As an atheist-atheist that I am, there are only a couple religions I respect for their culture, and Judaism is the top of the list. If only there was a lite religion-ish version of it for us noobs. Like Christianity has. A few fun holidays, some catchy sayings and stories, and no reading required.

  9. 9
    scav says:

    @Tom Levenson: And thank you absolutely for Aleksander Gierymski. What an interesting period and evolution he spanned. The stuff of his at night and twilight!
    I’ll just link to a few überpages, here, (NB txt in Polish for the faint of heart) and here (NB page 4 of 5, links at bottom). Still haven’t found a really good biography with paintings yet.

    ah gut yohr! to all indeed.

  10. 10
    peggy says:

    “Oh, God said to Abraham, “Kill me a son”
    Abe says, “Man you must be puttin’ me on”
    God says, “No”, Abe say “What?”
    God say “You can do what you want Abe but
    The next time you see me comin’ you better run”

    Well Abe said, “Where do you want this killin’ done?”
    God say, “Out on Highway 61”

    Bob Dylan – Highway 61

  11. 11
    shortstop says:

    The light in that painting is incredible. I’ve never seen it before. שנה טובה!

  12. 12
    Bloix says:

    This is a painting of the ceremony of tashlich, a somewhat superstitious (or metaphorical) Rosh Hashanah ritual in which one empties one’s pockets (of lint, or crumbs, that you’ve put there in advance for the purpose) into a body of water while asking God to wash away your sins just as the water carries away the bits of litter.

    Today, observant Jews still do it seriously and more secular Jews do it for the pleasant walk to the water and an introduction to belief for children.

    Here are some pictures of modern secular Jews observing tashlich in Rhode Island, with a description of the ritual:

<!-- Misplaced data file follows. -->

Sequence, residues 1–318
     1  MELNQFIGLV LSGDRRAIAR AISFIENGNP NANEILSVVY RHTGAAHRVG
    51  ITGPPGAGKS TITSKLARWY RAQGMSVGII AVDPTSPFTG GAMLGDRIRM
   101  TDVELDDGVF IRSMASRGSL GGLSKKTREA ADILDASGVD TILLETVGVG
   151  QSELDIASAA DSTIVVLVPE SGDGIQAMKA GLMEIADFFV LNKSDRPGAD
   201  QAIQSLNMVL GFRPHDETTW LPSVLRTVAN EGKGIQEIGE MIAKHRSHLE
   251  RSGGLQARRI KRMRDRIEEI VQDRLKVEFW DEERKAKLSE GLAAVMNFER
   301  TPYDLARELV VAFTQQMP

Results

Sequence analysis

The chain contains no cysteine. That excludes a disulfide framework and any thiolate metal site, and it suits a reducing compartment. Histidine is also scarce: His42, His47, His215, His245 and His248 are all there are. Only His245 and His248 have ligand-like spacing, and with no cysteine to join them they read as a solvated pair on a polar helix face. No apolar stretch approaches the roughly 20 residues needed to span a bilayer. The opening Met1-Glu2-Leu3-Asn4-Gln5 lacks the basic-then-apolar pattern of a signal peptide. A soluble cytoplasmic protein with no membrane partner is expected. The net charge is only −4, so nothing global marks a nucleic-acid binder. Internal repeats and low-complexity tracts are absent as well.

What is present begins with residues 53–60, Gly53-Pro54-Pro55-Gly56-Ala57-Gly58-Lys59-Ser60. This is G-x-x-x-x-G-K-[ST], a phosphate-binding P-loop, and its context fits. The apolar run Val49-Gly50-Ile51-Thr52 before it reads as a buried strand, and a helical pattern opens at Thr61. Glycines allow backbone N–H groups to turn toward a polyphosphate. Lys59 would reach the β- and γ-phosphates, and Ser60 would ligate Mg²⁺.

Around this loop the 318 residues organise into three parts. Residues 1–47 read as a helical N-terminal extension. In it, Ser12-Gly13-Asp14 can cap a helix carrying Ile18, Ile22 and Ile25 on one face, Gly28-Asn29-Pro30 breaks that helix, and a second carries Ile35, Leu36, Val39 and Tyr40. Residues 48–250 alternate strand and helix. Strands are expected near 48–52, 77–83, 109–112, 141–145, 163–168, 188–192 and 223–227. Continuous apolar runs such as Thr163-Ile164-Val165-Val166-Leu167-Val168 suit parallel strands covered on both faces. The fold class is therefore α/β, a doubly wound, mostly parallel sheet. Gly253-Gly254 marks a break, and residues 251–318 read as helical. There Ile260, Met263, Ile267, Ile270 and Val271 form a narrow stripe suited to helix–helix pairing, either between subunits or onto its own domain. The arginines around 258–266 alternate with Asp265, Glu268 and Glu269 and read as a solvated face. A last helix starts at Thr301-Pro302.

13. 13
    Ohio Mom says:

    I will add to Bolix’s explanation that this painting is titled “Feast of the Trumpets” because feast=holiday and trumpets=shofars (the ram’s horn that is blown during the Rosh Hashanah service). Very happy to be introduced to this work of art.

    A couple of years ago the rabbi of my town’s Humanistic congregation announced that after decades of trying to make sense of the Binding of Isaac story, he was giving up. From then on he would be using different stories. I was relieved to see I wasn’t the only one who finds this story incomprehensible.

    My (Reform) rabbi tried this year to convince us that Abraham knew all along God would never expect him to actually kill Isaac but I found this to be little consolation. Isaac didn’t have a clue and what kind of parent would let his kid think he’s about to kill him? I’m revolted by the image of what these moments must have been like for Isaac.

  14. 14
    KS in MA says:

    Even more belatedly, thanks for the reading list!

  15. 15
    cg says:

    I’ve thought that this story of Abraham and Isaac is not so much about obedience to God, but about what this God does not want. Wasn’t Abraham surrounded by people who were compelled to sacrifice their children by those in power? Babies were taken from parents and thrown into the burning fires of the idol Moloch; children were used as footings for city gates. What terrifying, oppressive hell that must have been. And here is Abraham, willing to be obedient to the demand of child sacrifice, only to be told “this is not what I want.” The sacrifice of children is not to be a part of this religion.